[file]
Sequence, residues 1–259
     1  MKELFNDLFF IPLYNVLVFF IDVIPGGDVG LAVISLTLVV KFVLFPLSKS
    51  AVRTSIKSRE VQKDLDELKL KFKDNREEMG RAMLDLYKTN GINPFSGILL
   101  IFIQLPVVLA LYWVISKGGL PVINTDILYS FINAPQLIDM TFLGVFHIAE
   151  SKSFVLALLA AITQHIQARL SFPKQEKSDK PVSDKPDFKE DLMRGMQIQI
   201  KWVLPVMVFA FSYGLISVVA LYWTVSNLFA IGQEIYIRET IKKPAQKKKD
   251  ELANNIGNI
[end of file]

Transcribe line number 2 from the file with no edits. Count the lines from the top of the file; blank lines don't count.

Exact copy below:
     1  MKELFNDLFF IPLYNVLVFF IDVIPGGDVG LAVISLTLVV KFVLFPLSKS